Fear and Fundraising in Autism
A fascinating controversy has erupted in the autism community over a new video produced for Autism Speaks. The slickly produced video, written by songwriter Billy Mann and directed by Academy Award-winning director Alfonso Cuarón, carries an ominous voice-over declaring that “I am Autism… I know where you live… I work faster than pediatric AIDS, cancer and diabetes combined…And if you are happily married, I will make sure that your marriage fails…”
Some members of the autism self-advocacy community are furious over the tone of this video. “We don’t want to be portrayed as burdens or objects of fear and pity,” Ari Ne’eman, president of the Autistic Self-advocacy Network told me. “Apparently, should my parents divorce it’s all my fault,” says Ne’eman, a 21 year-old activist and college student with Asperger’s Syndrome.
Ne’eman’s group, which has about 15 chapters around the country, has organized rallies and protests around the country. These advocates argue that if Autism Speaks had more people on the spectrum on their board, their messages would be more sensitive to the individuals they seek to help and they might also devote more resources to improving services to people with autism–as opposed to basic research and genetic studies that may not pay off for years.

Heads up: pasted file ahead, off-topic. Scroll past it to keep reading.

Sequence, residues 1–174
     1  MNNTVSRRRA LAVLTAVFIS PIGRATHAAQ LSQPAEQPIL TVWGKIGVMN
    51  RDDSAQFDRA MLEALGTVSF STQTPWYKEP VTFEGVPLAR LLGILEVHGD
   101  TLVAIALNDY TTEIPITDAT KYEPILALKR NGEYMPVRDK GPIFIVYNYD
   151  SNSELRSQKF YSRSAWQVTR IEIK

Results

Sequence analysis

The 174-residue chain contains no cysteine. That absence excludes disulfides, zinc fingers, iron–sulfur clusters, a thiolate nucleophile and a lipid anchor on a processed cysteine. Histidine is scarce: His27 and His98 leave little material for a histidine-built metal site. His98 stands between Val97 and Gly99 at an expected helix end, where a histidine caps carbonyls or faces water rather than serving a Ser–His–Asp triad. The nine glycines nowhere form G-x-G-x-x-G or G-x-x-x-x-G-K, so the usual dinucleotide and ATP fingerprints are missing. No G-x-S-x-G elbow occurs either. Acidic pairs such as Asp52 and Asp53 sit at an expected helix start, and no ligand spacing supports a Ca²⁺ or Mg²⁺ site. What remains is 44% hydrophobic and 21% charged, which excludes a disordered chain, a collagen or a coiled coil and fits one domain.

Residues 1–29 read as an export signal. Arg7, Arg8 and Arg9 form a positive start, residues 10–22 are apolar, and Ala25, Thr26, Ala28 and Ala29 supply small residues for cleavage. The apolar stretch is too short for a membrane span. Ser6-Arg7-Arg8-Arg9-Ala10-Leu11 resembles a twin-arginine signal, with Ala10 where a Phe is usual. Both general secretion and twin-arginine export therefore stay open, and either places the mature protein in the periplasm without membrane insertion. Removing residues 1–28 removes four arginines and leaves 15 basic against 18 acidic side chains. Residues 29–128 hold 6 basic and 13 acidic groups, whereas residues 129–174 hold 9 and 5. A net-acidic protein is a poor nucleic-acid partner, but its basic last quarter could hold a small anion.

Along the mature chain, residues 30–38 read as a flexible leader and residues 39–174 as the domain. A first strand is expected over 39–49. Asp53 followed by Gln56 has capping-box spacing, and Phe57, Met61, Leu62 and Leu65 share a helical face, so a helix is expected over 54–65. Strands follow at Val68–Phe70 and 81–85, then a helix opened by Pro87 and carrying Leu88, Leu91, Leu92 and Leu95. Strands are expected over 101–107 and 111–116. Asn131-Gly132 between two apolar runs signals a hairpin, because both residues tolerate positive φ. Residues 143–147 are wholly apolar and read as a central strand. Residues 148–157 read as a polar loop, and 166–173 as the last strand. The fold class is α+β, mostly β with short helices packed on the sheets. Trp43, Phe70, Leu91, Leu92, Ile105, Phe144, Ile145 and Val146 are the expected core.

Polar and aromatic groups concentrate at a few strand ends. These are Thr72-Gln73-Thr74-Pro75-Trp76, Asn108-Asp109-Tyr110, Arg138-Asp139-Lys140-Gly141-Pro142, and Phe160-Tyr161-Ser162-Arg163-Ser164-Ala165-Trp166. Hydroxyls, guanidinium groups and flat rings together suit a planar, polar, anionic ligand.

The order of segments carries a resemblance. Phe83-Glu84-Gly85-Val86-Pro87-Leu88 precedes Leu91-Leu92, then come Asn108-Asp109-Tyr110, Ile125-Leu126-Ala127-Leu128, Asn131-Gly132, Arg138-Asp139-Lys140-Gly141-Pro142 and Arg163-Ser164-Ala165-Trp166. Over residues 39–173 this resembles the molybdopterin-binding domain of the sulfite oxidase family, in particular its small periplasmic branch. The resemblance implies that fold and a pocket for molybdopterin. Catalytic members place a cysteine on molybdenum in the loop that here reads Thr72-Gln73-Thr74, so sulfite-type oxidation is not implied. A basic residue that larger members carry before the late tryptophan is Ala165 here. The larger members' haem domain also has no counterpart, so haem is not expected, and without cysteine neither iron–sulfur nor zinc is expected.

“Groups like Autism Speaks choose to use fear and stigma to raise money, but very little is going toward services, research into improved educational methodologies and things that have a practical impact on our lives,” Ne’eman charges.
Peter Bell, executive vice president of Autism Speaks, says the video got plenty of positive response from the autism community. “But we realized it did hurt a certain segment of the population, which is why we removed the video link from our website.”
The video, Bell said in an interview, is a personal expression by Mann and Cuarón, each of whom has a young child with autism. “They are at that stage of life where they are grieving and unsure what the future holds,” he said.
The video, which turns hopeful about halfway through its 3 minutes and 44 seconds, was created for a “World Focus on Autism” event that coincided with the opening of the U.N. General Assembly in September. “It was never intended to have a life beyond that event,” Bell said.
Bell admits that Autism Speaks does not have any individuals with autism serving on its board. “We are looking at adding individuals with autism to various advisory committees.”
Perhaps more effective and certainly funnier than the rallies and protests are the many YouTube parodies that skewer the Autism Speaks video, including “I am Socks” and “I am Autism Speaks“.